On the first day of my trip back to Atlanta, I spent much of the day driving around the city and suburbs interviewing CPAs. Let me start by saying I wasn’t at all impressed with the overall quality of the CPAs I spoke with.
The bottom of the barrel were the ones who obviously knew very little about anything tax related. For example, the first guy I spoke with, when asked, “What should I be aware of from a tax-perspective when buying my personal residence?” responded with, “The most important thing is to get the house checked for Radon.” While I appreciate the advice, it wasn’t what I would be paying him for.
Then there were those who had very little knowledge of real estate issues (despite what they had previously told me). One guy suggested that I register my investment company as a C Corporation, which is clearly a bad decision from a tax perspective (C Corporations are not a good entity for which to hold appreciating assets). Another guy, when asked, “What would it take for me to qualify as a Real Estate Professional?” responded with, “As long as you spend a lot of time doing it, you are a professional.” Somehow I don’t think the IRS is going to agree with that definition…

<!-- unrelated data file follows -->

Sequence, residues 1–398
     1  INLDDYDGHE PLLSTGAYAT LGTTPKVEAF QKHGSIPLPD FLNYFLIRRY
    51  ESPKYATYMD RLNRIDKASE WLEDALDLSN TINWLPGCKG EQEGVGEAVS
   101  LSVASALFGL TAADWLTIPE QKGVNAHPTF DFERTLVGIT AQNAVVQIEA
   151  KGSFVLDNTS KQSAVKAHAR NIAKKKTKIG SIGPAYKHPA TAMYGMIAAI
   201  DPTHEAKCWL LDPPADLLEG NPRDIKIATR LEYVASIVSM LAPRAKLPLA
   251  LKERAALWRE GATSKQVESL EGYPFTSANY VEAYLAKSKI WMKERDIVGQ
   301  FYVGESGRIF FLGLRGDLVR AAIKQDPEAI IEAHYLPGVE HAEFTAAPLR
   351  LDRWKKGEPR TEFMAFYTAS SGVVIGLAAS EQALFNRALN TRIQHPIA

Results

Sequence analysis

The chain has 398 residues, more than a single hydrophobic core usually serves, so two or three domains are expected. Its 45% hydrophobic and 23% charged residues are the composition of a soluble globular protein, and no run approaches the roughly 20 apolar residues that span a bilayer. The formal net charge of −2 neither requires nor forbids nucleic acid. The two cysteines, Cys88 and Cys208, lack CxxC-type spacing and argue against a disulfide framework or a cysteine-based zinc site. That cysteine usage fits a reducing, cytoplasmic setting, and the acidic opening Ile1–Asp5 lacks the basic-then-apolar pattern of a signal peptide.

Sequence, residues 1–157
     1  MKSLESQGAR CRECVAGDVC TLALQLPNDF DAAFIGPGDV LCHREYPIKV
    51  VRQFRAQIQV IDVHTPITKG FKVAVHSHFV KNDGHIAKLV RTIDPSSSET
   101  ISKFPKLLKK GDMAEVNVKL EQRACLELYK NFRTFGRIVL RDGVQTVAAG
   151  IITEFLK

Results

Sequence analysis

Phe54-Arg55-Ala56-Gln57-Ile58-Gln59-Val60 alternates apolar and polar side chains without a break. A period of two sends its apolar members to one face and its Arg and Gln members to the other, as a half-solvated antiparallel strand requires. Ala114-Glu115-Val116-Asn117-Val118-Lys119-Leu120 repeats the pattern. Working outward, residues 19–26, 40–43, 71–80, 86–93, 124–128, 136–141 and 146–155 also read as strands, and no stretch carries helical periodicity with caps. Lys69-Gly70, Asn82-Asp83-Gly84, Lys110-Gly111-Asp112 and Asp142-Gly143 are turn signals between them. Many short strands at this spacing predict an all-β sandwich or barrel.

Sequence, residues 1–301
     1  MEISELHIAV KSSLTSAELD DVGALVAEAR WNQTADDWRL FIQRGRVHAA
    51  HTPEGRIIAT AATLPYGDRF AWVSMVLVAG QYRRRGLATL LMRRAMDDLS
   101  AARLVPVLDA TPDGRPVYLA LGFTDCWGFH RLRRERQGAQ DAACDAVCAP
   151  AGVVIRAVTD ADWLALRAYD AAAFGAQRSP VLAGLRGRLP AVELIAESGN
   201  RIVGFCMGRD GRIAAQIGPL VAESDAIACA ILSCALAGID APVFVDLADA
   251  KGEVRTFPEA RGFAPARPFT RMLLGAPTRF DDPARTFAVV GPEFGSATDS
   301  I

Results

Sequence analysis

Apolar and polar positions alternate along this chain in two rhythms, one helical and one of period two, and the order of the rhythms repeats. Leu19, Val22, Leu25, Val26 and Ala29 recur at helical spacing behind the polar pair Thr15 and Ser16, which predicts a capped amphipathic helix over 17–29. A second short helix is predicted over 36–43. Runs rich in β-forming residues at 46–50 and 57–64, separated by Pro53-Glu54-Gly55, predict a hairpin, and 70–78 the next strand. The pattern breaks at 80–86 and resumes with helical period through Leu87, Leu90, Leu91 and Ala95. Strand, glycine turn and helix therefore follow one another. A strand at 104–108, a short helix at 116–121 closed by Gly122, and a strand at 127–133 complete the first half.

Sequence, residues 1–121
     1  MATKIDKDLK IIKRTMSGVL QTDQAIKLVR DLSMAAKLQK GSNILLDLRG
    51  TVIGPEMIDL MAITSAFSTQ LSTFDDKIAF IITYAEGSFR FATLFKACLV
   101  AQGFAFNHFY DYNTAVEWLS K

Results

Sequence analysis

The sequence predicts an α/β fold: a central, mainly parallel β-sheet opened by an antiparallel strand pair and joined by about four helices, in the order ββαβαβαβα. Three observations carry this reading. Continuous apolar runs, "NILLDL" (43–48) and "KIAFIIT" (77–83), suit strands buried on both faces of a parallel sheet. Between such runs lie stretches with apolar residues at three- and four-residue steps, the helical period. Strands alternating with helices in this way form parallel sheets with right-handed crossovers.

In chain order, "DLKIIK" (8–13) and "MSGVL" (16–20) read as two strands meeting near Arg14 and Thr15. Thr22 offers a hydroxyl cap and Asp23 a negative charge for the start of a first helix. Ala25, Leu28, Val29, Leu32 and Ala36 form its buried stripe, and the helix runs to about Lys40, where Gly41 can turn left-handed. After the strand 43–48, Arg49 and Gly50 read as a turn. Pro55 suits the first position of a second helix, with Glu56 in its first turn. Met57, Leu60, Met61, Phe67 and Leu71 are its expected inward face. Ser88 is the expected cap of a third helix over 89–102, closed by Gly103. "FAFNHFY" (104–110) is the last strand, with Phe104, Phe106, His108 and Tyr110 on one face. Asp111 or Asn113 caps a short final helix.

And then there were the CPAs who were just plain out of my league. A few had obviously been dealing with big-time RE investors for a long time, and didn’t have the patience (or the desire) to deal with someone just starting out and asking for basic help (like setting up the businesses). While I appreciate the fact that there isn’t always going to be a great fit, unfortunately the CPAs who were in this category didn’t do a spectacular job of making me feel like a potential client.
Heading into my final meeting, I was pretty discouraged. My only business goal for this trip was to find a CPA and it appeared I wasn’t going to do it. But, as luck would have it, the last guy I spoke with was fantastic. He was qualified to help me with all the basic aspects of defining the business, and referred me to a law firm that could actually register the businesses for me (in Atlanta, it is apparently illegal for CPAs to register businesses for clients). He was also able to answer all of my questions about short-term accounting and tax strategy, and made me feel comfortable about the fact that I didn’t fully understand the relationship and process that would ensue as we started to work together.
He suggested that I set of the businesses as LLCs, and that once that was done, we should meet again, and he would file the paperwork necessary to declare a taxable entity for the businesses (likely Sub-Chapter S Corporation). I have contacted the firm he suggested to get the LLCs set up, and then will be giving him a call once I get settled in Atlanta for a follow-up meeting.